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Re: Driver Location Signs

Post by jervi » Sun Jan 05, 2020 13:36

So I had a thought about DLS just now, and instead of starting a new thread I'll just use this one.

Why do some roads have multiple datum points? Especially since some of them should be avoidable.
So the most extreme example of this I can think of is the A1, which is expected as it's used many alignements of varying quality.
Here are some example from along the A1 (and A1(M)).
*A1(M) Just north of the M25 (24.2) - which I measured to be 24.9 km from the A501 - makes sense.
*A1 beside the New A14 (3.6). Why did they use another new start point!, and there is no way to distinguish it from other 3.6 markers.
*A1(M) Just North of M1 Junction (56.1), 56 was likely measured from the start of the A1(M) section at Blyth as that is roughly 56km away, although there is a section of A1 between those parts of the A1(M). The A1(M) between Blyth and Doncaster don't have DLS
*A1(M) Just North of Catterick (129.8), it is 125KM north Blyth, so I don't know where those 5KM have disappeared to, however makes sense.
*A1(M) Beside Darlington (9/0 D), now what is going on here! I'm guessing it's using miles, chains or some other imperial measurement?

Since DLS are fairly new (2007 according to the wiki & 2008 according to wikipedia), why couldn't they just use one unit exclusively, whether it being Miles or KM. As far as I am aware, a lot of motorways are measured in imperial for technical stuff, which is reflected by the smaller location posts you find, however on the same bit of road, KMs are sometimes used for DLS.
Also I've noted that newer roads like the A421 (M1->BlackCat) use KM on its marker posts, measuring from the same place as DLS do.

So the M23 starts at 27 km at junction 7 (its Northern Terminus), however it was only ever planned to go about 18 KM further North into London, why would its 0 point be 1/2 further than it needs to be? Also when the M23 turns into the A23, why does the A23 count from Brighton? Surely it would just make sense to carry on counting from the M23. Hopefully if/when the M23 extends down the A23, they will count from London to keep it consistent.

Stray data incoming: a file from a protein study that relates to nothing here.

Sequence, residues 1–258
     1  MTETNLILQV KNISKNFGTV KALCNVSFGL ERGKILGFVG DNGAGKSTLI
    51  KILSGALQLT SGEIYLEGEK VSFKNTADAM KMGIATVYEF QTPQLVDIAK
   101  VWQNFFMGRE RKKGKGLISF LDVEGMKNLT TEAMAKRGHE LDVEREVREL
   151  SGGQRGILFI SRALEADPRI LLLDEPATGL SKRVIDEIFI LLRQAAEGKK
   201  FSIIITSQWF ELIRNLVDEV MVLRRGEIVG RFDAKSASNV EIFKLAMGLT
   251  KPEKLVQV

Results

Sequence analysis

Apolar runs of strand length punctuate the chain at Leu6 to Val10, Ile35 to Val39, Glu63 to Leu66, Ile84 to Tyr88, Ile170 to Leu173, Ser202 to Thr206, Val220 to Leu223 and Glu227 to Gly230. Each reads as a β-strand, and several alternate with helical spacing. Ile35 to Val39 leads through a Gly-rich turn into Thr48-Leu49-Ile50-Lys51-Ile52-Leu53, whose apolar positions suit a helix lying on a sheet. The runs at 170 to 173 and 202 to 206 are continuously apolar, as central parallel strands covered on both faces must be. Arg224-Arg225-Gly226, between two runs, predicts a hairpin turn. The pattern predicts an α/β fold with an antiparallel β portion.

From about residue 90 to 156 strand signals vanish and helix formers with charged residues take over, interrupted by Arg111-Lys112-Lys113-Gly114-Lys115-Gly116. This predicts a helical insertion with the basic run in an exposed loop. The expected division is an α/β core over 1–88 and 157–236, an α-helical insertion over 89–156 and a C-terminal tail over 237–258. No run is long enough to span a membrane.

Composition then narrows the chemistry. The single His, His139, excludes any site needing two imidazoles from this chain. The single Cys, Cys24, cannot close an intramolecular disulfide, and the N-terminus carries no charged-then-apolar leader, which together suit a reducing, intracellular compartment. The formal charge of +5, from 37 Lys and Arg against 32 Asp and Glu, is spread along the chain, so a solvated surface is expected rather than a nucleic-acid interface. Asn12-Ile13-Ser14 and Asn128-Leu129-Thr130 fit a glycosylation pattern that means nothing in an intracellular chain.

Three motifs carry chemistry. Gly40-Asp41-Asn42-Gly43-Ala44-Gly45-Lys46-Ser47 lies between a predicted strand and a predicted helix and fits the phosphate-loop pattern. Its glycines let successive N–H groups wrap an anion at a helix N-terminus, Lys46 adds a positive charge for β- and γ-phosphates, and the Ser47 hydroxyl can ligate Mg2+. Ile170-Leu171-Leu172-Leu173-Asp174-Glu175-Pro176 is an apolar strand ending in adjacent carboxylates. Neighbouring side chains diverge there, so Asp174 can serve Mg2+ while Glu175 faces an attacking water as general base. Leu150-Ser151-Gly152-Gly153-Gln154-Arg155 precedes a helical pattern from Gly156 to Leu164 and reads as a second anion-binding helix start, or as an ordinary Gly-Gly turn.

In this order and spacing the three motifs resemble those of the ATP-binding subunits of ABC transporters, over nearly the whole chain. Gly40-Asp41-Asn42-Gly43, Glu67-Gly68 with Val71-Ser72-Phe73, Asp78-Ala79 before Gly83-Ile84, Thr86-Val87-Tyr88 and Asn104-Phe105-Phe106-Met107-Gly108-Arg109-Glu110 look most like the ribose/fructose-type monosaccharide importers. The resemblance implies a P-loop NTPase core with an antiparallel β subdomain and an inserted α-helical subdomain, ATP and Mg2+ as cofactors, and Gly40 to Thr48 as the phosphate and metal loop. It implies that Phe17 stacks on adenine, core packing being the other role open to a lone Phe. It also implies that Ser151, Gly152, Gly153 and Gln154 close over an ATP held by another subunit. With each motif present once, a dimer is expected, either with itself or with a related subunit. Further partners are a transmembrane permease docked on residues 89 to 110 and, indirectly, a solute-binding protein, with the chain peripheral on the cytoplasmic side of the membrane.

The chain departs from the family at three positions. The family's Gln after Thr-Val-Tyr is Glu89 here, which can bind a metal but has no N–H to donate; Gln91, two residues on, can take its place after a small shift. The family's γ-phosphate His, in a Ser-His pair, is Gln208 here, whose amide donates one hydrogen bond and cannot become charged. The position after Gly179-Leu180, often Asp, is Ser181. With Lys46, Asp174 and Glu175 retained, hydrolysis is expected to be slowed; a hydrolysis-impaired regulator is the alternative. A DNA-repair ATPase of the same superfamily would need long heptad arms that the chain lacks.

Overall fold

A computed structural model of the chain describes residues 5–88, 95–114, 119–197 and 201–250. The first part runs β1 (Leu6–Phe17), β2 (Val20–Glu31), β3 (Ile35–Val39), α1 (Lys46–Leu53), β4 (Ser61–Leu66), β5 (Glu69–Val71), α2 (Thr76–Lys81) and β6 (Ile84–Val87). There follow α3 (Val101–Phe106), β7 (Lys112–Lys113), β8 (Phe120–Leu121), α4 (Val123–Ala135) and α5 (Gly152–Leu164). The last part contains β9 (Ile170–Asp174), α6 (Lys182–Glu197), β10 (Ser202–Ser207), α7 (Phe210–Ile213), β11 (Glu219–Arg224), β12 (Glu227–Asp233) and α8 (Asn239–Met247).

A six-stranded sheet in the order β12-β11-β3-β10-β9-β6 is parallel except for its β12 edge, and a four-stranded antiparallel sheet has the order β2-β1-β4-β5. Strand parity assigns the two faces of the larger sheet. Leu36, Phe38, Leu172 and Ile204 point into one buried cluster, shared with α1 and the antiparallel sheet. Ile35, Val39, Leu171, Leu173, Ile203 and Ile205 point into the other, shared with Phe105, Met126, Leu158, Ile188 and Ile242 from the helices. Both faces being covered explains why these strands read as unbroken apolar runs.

J11 roadwork signage plans showing distances. I measured the distance between 24/8 and 25/7 on the A23 being 881metres/0.55mi/2890ft apart. Which equates the first number being a half-mile and the second number being a tenth of a half mile (or a 1/20th of a mile). Is this common on the rest of the network? and why use half-miles and a fraction of that, why not just use full miles, chains and furlongs?

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Re: Driver Location Signs

Post by RichardA35 » Sun Jan 05, 2020 14:58

jervi wrote:
Sun Jan 05, 2020 13:36
So I had a thought about DLS just now, and instead of starting a new thread I'll just use this one.

Why do some roads have multiple datum points? Especially since some of them should be avoidable.
I'll try to give you a helpful response based upon experience of working in the industry. If people disagree, it would be helpful if they could cite factual backup evidence.
There is no "grand design". Different parts of routes were upgraded at different times by different authorities and consultants using different datum points.
jervi wrote:
Sun Jan 05, 2020 13:36
So the most extreme example of this I can think of is the A1, which is expected as it's used many alignements of varying quality.
Here are some example from along the A1 (and A1(M)).
*A1(M) Just north of the M25 (24.2) - which I measured to be 24.9 km from the A501 - makes sense.
There is no "grand design" at play however
jervi wrote:
Sun Jan 05, 2020 13:36
*A1 beside the New A14 (3.6). Why did they use another new start point!, and there is no way to distinguish it from other 3.6 markers.
*A1(M) Just North of M1 Junction (56.1), 56 was likely measured from the start of the A1(M) section at Blyth as that is roughly 56km away, although there is a section of A1 between those parts of the A1(M). The A1(M) between Blyth and Doncaster don't have DLS
*A1(M) Just North of Catterick (129.8), it is 125KM north Blyth, so I don't know where those 5KM have disappeared to, however makes sense.
There is still no "grand design". Different parts of routes were upgraded at different times by different authorities and consultants using different datum points.
jervi wrote:
Sun Jan 05, 2020 13:36
*A1(M) Beside Darlington (9/0 D), now what is going on here! I'm guessing it's using miles, chains or some other imperial measurement?
No all in metric - someone has used the shorthand of the marker post numbering when designing the sign using 9/0 instead of 9.0
jervi wrote:
Sun Jan 05, 2020 13:36
Since DLS are fairly new (2007 according to the wiki & 2008 according to wikipedia), why couldn't they just use one unit exclusively, whether it being Miles or KM. As far as I am aware, a lot of motorways are measured in imperial for technical stuff, which is reflected by the smaller location posts you find, however on the same bit of road, KMs are sometimes used for DLS.
No - in my experience everything is metric
jervi wrote:
Sun Jan 05, 2020 13:36
Also I've noted that newer roads like the A421 (M1->BlackCat) use KM on its marker posts, measuring from the same place as DLS do.
A new route = a new datum
jervi wrote:
Sun Jan 05, 2020 13:36